Christina Carlson: Statement at Bhutan's 12th Round Table Meeting

12 Dec 2013

It gives me great pleasure to address the Royal Government of Bhutan and its development partners at this 12th Round Table Meeting. This single joint statement is made on behalf of the 23 UN entities that support Bhutan’s development and is a reflection of our continuous efforts to partner with Bhutan in a coherent and effective manner and in the spirit of Delivering as One.

Bhutan has progressed from a low- to a medium- human development country classification with its Human Development Index (HDI) value at 0.536 in 20131. The steps this country has taken with support from its development partners in the past few decades and the integration of Millennium Development Goals (MDGs) into Bhutan’s Five Year Plans have produced laudable results. Bhutan’s concept of Gross National Happiness (GNH) complements the MDGs and promotes a balanced approach to development, encompassing good governance, environment conservation, community vitality and well-being, in addition to the more traditional indicators of socio-economic progress. This development paradigm, prudent economic management and political stability have brought about a significant rise in living standards of the Bhutanese and improvement in development indicators. Real GDP growth in Bhutan over the last decade averaged at least 8% with a high rate of capital formation, which stood at 40.15% in 20112. A firm foundation for reliable data has been laid with the 2005 Population and Housing Census.

Bhutan’s sizeable investment in the hydropower sector has played an important role in improving its macro-economic indicators. Political and socio-economic reforms have been underpinned by efforts to further improve governance through greater transparency and accountability. With such significant progress on the economic, social and political fronts, Bhutan now needs to focus on sustaining achievements, and on ensuring that development gains are equitable and benefit all Bhutanese people.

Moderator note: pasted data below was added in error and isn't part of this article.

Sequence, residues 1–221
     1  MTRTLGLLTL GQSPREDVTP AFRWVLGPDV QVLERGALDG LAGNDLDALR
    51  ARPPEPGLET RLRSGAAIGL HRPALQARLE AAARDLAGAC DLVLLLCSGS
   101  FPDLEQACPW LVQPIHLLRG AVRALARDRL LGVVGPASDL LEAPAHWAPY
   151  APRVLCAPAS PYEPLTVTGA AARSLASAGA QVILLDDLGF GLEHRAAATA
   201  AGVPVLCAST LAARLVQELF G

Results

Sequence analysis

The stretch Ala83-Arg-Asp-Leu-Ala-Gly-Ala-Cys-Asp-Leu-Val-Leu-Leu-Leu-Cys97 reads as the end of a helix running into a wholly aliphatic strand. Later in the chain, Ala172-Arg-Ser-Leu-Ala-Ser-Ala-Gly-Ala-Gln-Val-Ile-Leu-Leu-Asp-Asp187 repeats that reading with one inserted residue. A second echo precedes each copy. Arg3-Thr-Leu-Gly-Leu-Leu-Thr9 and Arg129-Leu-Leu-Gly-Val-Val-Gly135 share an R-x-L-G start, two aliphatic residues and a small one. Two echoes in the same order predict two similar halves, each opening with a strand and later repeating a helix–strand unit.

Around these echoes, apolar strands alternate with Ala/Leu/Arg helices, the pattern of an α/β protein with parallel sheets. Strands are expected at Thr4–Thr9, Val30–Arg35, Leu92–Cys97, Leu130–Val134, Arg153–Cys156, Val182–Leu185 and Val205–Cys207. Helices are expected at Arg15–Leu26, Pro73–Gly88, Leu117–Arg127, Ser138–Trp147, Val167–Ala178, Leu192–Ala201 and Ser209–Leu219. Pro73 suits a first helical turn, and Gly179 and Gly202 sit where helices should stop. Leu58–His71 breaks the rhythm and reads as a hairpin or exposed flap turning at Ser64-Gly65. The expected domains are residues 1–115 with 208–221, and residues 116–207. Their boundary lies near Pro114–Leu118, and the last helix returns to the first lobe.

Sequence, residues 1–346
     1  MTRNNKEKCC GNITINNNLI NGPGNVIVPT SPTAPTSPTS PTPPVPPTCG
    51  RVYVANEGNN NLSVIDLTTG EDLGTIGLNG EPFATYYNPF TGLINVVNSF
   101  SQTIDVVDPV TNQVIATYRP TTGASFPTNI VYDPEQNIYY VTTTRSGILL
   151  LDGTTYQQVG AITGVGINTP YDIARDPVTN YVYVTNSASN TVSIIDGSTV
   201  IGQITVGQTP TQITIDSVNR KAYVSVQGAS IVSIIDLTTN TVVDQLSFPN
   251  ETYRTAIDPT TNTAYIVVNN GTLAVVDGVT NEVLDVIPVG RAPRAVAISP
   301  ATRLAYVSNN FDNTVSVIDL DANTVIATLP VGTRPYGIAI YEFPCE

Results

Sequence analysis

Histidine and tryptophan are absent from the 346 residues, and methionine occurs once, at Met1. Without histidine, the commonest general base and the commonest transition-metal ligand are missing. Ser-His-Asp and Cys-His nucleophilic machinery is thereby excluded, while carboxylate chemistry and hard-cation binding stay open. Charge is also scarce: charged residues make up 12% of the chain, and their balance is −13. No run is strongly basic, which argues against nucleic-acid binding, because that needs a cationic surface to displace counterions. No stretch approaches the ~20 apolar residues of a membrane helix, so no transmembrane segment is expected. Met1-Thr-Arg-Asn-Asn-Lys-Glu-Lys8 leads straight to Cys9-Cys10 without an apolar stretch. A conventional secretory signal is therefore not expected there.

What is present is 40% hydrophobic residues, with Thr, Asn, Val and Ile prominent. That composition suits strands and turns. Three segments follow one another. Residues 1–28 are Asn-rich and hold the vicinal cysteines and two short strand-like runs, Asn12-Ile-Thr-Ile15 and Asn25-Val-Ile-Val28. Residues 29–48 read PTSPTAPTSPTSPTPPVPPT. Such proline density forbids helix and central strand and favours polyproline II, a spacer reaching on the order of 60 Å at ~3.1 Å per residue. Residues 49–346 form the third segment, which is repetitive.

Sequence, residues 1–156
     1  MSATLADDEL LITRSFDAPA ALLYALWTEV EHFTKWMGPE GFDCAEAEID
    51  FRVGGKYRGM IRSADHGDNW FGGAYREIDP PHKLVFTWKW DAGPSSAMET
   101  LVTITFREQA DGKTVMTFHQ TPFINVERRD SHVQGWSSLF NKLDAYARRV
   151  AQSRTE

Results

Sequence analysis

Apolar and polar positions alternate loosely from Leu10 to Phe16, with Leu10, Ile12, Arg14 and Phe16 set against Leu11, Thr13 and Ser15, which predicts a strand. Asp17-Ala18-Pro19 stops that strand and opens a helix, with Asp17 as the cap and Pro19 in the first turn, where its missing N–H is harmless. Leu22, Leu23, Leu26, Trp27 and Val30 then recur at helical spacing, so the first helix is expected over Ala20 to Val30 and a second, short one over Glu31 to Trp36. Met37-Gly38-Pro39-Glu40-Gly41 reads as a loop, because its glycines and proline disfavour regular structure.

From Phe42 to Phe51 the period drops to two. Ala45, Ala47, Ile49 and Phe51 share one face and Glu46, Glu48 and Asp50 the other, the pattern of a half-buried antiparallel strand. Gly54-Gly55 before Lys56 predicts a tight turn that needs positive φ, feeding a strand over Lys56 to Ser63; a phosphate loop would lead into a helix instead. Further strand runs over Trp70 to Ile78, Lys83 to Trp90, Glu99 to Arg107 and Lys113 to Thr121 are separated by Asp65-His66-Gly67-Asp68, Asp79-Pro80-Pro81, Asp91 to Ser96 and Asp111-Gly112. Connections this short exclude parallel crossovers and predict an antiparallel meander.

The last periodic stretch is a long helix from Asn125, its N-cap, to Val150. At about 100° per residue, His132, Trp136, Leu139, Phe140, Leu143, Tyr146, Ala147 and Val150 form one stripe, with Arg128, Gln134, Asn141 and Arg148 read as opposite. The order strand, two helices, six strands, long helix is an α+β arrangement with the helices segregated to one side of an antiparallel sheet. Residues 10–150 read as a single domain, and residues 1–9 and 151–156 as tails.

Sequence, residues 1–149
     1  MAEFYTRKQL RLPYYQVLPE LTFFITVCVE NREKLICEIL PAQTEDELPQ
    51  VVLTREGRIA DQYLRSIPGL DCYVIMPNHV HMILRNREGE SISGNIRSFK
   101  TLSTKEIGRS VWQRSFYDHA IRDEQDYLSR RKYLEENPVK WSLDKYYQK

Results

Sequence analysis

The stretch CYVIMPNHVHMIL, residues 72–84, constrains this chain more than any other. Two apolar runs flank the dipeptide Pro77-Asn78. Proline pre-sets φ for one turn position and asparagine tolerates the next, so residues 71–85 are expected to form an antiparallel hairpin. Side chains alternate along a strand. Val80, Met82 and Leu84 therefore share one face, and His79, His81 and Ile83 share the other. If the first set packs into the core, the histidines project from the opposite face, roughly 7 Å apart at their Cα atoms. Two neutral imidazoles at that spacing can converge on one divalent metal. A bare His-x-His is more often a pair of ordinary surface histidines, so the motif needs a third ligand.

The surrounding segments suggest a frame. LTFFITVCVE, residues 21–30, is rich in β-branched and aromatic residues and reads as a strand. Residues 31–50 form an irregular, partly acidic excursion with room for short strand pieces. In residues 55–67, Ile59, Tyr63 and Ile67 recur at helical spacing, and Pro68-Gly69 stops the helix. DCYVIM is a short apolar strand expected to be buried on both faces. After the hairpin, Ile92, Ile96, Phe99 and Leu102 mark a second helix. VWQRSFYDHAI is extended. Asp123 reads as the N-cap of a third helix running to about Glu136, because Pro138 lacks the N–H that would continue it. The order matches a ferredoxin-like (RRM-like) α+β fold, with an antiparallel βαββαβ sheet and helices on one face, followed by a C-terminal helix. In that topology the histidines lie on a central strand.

Despite the progress Bhutan has made in improving its macro-level indicators, challenges and discrepancies still persist. The 11th Five Year Plan highlights that although overall unemployment is low at 2.1 % in 2012—unemployment rates among youth and women remain comparatively high. Yet, with increasing rural-urban migration, the agricultural labour force is aging and there are shortages of labour in some rural areas. Bhutan continues to be aid dependent, import-driven and highly vulnerable to external shocks. The economy lacks diversification and is predominantly driven by the hydropower sector, which has limited potential for the creation of productive jobs to absorb a growing and an increasingly educated labour force. One of the greatest challenges is to reduce disparities between rural and urban areas and between regions, districts and gewogs, in order to fully achieve the MDGs.